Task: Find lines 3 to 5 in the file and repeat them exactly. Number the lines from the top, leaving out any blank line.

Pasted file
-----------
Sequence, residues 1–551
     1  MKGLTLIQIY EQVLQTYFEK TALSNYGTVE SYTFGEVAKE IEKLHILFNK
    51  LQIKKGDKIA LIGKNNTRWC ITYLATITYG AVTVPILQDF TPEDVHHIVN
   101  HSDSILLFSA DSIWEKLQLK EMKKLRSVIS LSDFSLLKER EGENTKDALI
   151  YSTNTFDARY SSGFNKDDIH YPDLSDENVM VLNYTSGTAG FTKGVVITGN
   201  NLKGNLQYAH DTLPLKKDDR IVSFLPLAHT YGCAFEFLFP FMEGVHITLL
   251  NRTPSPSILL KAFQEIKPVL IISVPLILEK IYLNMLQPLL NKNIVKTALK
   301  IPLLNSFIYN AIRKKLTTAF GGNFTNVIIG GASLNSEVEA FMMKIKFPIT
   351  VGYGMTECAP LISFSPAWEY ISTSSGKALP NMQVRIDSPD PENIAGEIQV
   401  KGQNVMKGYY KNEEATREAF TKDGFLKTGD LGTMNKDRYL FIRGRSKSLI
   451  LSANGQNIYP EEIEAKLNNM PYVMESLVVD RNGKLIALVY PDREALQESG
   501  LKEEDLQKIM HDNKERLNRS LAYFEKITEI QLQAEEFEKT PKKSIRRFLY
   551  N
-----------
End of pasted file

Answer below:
    51  LQIKKGDKIA LIGKNNTRWC ITYLATITYG AVTVPILQDF TPEDVHHIVN
   101  HSDSILLFSA DSIWEKLQLK EMKKLRSVIS LSDFSLLKER EGENTKDALI
   151  YSTNTFDARY SSGFNKDDIH YPDLSDENVM VLNYTSGTAG FTKGVVITGN